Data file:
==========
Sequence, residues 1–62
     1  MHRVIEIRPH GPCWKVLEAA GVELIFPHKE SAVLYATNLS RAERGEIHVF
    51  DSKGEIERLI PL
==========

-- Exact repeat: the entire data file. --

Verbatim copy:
Sequence, residues 1–62
     1  MHRVIEIRPH GPCWKVLEAA GVELIFPHKE SAVLYATNLS RAERGEIHVF
    51  DSKGEIERLI PL